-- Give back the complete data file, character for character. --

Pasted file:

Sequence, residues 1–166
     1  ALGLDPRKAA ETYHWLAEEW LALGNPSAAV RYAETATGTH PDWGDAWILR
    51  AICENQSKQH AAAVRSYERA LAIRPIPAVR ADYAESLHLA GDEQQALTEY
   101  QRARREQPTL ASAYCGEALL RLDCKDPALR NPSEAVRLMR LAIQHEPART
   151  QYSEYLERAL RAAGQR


Sequence, residues 1–166
     1  ALGLDPRKAA ETYHWLAEEW LALGNPSAAV RYAETATGTH PDWGDAWILR
    51  AICENQSKQH AAAVRSYERA LAIRPIPAVR ADYAESLHLA GDEQQALTEY
   101  QRARREQPTL ASAYCGEALL RLDCKDPALR NPSEAVRLMR LAIQHEPART
   151  QYSEYLERAL RAAGQR